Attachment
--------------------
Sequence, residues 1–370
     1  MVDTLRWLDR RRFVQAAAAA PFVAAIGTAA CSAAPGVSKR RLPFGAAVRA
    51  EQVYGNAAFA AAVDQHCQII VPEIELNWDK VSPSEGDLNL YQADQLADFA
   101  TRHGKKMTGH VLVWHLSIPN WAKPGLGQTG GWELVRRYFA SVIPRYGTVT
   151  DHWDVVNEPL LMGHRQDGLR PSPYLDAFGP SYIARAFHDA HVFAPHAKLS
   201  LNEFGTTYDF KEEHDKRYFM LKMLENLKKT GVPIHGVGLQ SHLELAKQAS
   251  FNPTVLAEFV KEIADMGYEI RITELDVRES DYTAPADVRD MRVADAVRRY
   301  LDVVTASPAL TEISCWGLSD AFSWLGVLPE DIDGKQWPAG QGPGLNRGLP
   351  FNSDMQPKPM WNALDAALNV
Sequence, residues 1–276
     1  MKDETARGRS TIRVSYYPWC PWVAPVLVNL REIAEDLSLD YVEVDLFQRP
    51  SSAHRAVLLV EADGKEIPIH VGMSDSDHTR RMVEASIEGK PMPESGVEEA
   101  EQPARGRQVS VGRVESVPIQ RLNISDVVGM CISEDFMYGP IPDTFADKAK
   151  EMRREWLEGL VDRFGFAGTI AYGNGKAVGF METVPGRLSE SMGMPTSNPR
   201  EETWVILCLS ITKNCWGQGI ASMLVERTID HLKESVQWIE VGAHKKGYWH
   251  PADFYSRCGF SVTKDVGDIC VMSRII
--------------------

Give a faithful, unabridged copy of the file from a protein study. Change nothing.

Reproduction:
Sequence, residues 1–370
     1  MVDTLRWLDR RRFVQAAAAA PFVAAIGTAA CSAAPGVSKR RLPFGAAVRA
    51  EQVYGNAAFA AAVDQHCQII VPEIELNWDK VSPSEGDLNL YQADQLADFA
   101  TRHGKKMTGH VLVWHLSIPN WAKPGLGQTG GWELVRRYFA SVIPRYGTVT
   151  DHWDVVNEPL LMGHRQDGLR PSPYLDAFGP SYIARAFHDA HVFAPHAKLS
   201  LNEFGTTYDF KEEHDKRYFM LKMLENLKKT GVPIHGVGLQ SHLELAKQAS
   251  FNPTVLAEFV KEIADMGYEI RITELDVRES DYTAPADVRD MRVADAVRRY
   301  LDVVTASPAL TEISCWGLSD AFSWLGVLPE DIDGKQWPAG QGPGLNRGLP
   351  FNSDMQPKPM WNALDAALNV
Sequence, residues 1–276
     1  MKDETARGRS TIRVSYYPWC PWVAPVLVNL REIAEDLSLD YVEVDLFQRP
    51  SSAHRAVLLV EADGKEIPIH VGMSDSDHTR RMVEASIEGK PMPESGVEEA
   101  EQPARGRQVS VGRVESVPIQ RLNISDVVGM CISEDFMYGP IPDTFADKAK
   151  EMRREWLEGL VDRFGFAGTI AYGNGKAVGF METVPGRLSE SMGMPTSNPR
   201  EETWVILCLS ITKNCWGQGI ASMLVERTID HLKESVQWIE VGAHKKGYWH
   251  PADFYSRCGF SVTKDVGDIC VMSRII